Unigine Superposition is one of our 3D gaming loads, and we test it at the 720p low preset to remove the GPU from the equation as much as possible and show the impact of the system on graphical performance. Here we see that the RTX 2080 SUPER with liquid cooling does a great job of churning out a stout result.
3DMark Firestrike is our second graphics or synthetic gaming test. Here we see the Vanquish being a chart-topper her again, which is not necessarily a surprise as it also has the most powerful GPU of the bunch. Still, the CPU score even exceeds other tested systems with similarly spec’d components.
3DMark Time Spy
Time Spy is another 3DMark test variant, but this one is for DX12 based systems. This test can be quite stressful, and since its an entirely different load, you may be surprised to see how the results shuffle when compared to Firestrike.
Moving to the newest graphical and gaming benchmark in the UL suite, and once again its more of the same as we see the liquid cooling solution makes a big difference to the performance we received with the Vanquish pulling excellent results even in CPU tests.
Shadow of the Tomb Raider
The gaming tests show that the Vanquish is an amazing performer at up to 4K at AAA games pulling over 60FPS average on high. For those looking to play high FPS competitive titles, this should easily push a 1080p 240Hz display well for ultra-competitive framerates.
System I/O Benchmarks
For storage performance, we test the platform using its internal storage along with external ports via the listed storage device. It is tested in CrystaldiskMark 7.0.0 x64, and we average the results to ensure a good cross-section of expected performance.
The single drive in our configuration is a 1TB 970 EVO, and as you can see, everything lines up to what you would expect. Do keep in mind that the NVMe M.2 slots are PCIe 4 compatible, so the storage can be upgraded to a PCIe 4 extra SSDD on the additional lower M.2 or even replace the top one, depending on your use case.
Thermals, and Power Consumption
For power consumption tests, we use a wall meter to test the full system draw. The reason for this is it will represent what the entire system pulls versus our meter, which shows the power draw on each PSU cable. The reason for this is that measuring the power draw from the EPS cable, for example, does not take into account VRM losses and, therefore, can show a much higher power draw for the CPU or other device due to an inefficient VRM design or loading range.
Idle power consumption is unsurprisingly higher than the other systems we have tested at 85W, but with the level of DRGB and pump solution, it makes sense.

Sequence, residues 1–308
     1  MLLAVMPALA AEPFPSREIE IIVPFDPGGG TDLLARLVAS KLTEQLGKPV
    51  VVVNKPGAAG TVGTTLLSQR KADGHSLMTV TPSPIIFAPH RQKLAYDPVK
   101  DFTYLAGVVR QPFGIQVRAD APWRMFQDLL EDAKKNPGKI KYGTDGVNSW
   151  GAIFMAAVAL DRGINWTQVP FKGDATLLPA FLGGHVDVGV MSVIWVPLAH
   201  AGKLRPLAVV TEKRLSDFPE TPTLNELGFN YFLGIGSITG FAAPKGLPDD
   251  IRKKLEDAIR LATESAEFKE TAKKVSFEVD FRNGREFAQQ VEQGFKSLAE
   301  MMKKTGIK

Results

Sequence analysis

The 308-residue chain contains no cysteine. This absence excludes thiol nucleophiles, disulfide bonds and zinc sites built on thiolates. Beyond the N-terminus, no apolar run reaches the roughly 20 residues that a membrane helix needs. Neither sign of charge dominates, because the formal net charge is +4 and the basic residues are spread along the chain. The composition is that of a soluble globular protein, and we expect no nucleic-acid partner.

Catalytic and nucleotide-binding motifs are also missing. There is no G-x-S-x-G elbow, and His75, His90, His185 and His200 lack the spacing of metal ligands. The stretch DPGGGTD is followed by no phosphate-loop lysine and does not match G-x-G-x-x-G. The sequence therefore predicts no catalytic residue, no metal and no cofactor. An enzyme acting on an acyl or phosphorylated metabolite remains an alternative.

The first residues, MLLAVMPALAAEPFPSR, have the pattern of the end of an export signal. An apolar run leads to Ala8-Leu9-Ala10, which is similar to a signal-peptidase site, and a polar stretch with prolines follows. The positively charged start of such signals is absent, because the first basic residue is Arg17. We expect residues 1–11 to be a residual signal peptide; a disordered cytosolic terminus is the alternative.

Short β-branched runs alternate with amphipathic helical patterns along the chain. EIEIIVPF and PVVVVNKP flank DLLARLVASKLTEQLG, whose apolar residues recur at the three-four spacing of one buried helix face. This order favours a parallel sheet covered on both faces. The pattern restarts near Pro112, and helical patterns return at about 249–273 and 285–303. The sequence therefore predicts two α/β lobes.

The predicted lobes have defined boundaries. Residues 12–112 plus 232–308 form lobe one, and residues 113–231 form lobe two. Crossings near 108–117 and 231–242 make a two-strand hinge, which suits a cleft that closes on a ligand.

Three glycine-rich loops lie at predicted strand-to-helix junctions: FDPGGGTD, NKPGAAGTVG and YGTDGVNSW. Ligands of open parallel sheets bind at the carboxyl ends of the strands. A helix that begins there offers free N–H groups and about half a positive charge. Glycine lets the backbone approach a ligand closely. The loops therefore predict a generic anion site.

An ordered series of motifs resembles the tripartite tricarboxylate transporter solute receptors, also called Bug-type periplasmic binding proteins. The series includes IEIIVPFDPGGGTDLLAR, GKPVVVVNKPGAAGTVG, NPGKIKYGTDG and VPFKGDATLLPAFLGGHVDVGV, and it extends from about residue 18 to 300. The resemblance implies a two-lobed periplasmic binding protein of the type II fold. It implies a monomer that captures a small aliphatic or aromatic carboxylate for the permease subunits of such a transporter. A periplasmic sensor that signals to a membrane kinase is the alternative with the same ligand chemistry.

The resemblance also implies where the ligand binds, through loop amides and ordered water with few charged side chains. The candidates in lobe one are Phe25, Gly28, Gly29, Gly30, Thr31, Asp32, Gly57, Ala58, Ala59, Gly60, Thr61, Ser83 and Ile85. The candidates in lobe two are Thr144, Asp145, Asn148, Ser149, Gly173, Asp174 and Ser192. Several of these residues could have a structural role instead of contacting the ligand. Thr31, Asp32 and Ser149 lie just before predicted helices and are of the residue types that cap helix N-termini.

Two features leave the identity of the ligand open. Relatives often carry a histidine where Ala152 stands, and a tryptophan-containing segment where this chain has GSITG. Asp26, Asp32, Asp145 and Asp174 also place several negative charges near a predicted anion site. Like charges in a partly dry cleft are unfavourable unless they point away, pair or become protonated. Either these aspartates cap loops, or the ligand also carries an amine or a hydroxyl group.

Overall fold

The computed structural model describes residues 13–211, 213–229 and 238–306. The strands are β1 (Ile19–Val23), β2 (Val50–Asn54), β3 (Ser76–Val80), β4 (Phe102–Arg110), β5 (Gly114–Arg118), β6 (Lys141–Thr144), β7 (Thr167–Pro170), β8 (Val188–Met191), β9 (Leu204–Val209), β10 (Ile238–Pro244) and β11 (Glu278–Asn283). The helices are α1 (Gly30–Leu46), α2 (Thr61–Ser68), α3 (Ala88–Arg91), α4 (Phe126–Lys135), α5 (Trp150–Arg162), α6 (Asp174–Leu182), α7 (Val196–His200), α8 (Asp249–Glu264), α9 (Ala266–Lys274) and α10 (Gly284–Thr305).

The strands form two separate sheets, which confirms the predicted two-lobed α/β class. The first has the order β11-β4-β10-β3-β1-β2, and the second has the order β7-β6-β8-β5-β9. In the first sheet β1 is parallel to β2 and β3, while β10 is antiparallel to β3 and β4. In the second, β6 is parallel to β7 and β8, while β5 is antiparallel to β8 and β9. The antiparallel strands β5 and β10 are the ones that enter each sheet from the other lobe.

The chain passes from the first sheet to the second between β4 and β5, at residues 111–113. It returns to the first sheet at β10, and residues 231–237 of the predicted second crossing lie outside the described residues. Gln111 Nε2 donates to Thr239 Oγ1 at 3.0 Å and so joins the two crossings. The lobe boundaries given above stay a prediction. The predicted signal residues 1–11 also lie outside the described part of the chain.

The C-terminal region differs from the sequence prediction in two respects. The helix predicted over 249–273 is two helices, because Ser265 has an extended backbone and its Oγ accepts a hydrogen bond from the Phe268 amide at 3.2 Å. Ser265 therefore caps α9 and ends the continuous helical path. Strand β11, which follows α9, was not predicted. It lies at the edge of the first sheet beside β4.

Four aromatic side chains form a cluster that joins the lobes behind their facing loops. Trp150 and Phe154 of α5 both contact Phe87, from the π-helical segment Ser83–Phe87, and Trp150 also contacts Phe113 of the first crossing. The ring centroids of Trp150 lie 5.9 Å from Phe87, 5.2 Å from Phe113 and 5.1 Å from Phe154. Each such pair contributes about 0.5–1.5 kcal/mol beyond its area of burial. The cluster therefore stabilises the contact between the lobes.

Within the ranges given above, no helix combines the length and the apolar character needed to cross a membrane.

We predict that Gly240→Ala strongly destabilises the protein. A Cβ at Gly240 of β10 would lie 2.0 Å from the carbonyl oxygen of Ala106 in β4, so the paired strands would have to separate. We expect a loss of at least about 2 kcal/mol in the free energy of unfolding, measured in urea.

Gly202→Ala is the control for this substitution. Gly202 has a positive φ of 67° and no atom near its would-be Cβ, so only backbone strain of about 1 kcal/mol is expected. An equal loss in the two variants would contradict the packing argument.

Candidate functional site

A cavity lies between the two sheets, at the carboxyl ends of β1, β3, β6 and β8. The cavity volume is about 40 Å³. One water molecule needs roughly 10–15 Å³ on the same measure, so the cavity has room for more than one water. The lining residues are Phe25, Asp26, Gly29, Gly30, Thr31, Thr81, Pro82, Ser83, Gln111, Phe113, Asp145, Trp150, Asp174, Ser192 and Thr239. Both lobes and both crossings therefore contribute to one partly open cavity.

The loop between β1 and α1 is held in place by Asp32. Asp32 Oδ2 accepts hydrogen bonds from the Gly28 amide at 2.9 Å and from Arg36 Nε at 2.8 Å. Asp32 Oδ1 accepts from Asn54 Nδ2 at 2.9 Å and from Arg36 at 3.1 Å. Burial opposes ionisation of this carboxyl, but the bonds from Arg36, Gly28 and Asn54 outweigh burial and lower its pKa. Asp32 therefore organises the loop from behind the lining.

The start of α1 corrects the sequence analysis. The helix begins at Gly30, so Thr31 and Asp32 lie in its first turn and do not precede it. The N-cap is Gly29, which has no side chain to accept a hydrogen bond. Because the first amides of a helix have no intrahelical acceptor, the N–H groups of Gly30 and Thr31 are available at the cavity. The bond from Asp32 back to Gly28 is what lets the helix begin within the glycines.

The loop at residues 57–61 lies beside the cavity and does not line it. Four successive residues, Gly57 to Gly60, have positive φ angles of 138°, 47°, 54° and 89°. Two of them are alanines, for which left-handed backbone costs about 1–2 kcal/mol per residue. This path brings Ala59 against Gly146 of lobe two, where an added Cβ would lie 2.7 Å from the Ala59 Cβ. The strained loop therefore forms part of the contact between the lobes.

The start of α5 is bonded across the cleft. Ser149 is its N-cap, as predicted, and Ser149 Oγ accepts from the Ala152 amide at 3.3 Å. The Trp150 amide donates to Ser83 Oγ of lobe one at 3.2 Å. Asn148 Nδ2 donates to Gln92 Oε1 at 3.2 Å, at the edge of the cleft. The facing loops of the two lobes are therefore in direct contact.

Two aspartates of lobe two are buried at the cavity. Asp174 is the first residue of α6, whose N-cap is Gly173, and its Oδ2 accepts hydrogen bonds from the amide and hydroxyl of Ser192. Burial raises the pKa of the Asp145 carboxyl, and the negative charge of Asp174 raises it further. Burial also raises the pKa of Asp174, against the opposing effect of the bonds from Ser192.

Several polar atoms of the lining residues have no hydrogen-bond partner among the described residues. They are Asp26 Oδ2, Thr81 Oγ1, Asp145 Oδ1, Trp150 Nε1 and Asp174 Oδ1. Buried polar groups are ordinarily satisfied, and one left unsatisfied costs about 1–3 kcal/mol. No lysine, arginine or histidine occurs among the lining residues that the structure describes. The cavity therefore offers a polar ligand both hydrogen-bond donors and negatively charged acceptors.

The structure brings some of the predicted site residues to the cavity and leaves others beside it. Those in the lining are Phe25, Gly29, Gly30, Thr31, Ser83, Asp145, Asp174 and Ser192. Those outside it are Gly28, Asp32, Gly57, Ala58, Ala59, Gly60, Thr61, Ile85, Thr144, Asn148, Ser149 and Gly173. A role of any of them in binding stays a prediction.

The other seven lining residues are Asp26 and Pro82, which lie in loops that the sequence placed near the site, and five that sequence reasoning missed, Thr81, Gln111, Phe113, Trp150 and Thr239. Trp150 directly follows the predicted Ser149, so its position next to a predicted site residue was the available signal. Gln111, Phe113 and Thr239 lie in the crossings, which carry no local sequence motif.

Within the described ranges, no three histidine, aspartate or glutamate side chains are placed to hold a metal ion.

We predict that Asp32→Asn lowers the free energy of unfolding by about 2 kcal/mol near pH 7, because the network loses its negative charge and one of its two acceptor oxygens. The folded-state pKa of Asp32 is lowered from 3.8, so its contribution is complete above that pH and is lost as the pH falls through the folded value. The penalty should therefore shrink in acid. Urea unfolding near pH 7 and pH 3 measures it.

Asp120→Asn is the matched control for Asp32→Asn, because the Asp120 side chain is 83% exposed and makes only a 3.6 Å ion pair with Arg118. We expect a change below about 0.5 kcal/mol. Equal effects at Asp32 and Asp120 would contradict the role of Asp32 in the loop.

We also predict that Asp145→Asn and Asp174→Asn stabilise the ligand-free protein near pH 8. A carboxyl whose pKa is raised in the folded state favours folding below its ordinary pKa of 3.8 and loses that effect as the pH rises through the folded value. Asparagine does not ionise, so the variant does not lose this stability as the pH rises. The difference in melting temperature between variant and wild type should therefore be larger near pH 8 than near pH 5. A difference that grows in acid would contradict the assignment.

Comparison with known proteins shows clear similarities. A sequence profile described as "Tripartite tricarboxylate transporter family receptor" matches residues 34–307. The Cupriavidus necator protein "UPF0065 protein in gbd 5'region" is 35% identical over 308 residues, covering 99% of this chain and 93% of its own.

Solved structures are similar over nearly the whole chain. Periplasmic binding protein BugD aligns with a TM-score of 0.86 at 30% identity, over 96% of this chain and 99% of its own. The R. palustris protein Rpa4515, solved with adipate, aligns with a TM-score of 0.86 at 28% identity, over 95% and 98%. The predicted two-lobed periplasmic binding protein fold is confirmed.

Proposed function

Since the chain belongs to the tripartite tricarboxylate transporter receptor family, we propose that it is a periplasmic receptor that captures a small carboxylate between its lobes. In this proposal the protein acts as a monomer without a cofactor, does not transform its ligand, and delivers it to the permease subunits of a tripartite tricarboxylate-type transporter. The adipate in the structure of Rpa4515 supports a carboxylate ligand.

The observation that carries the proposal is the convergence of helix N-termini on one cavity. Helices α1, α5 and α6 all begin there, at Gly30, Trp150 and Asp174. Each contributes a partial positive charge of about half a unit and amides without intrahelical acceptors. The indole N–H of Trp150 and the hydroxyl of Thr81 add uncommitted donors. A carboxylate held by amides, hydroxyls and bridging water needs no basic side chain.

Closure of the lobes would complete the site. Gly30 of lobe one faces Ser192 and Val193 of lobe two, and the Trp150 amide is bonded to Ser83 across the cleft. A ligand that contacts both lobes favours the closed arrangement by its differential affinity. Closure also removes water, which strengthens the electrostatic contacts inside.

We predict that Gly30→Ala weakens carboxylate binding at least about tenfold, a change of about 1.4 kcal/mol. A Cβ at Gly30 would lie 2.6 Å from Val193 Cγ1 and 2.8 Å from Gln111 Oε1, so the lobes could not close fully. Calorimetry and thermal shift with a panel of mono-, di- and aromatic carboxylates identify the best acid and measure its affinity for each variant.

Loading up the CPU with a full FPU load and the maximum draw for the Vanquish jumps up to 192W, which is a bit higher once again than the other Ryzen equipped Corsair rig, which has less RGB and only an AIO pump.
Testing synthetic GPU stress only is an excellent way to show the overhead the CPU adds, as the GPU does not pull more power after it reaches steady state. Here we see the Vanquish pull only 283W, which was a bit surprising as that places it below the Corsair 3700X equipped rig with only a 2070 SUPER in tow.
Idle temps were the lowest of the pack, as you would expect at 32C.
Loading each CPU up with a full burn-in FPU load, and we see the EKWB Vanquish once again pull a chart-topping result, not breaking 70C under full load and allowing the loop to heat soak for well over an hour.
The EKWB crew makes some great gear and have for several years. I was apprehensive when I first saw their aluminum-based Fluid Gaming series come to market. However, after testing a system with it equipped, I cannot say I have any concerns with the performance or quality of the parts. The only thing of note would be to ensure when expanding, stay within the ecosystem to avoid issues.
What we like
Thermals: The EKWB Vanquish series are fully liquid-cooled and deliver excellent thermal performance as a result.
PCIe 4.0: While the PCIe 4 is not here for everything, it is good to know that the EKWB Fluid Gaming series of PCs are PCIe 4.0 compatible and ready for when you want to swap in an appropriate device, whether it be GPU or storage.
Value: When comparing the current market price for the system as it sits and running a quick PC Part picker, we find that the parts alone run over $2400 without any of the liquid cooling hardware or sleeved cabling. Adding the elements from EK’s website and there is almost no discernable markup for the build and configuration of the finished rig.
What do we think could be better?
Package marking: I know this is a bit of a nitpick, but there’s not much else I can say as a con to the Vanquish besides that having a big brown box that displays your liquid-cooled gaming PC has arrived, may not be the best as far as the discretion to the value of what if being delivered.
The EKWB Fluid Gaming series of systems makes sense from a value and performance perspective. And it gives you a truly beautiful finished build that you can add storage or other parts as they are needed.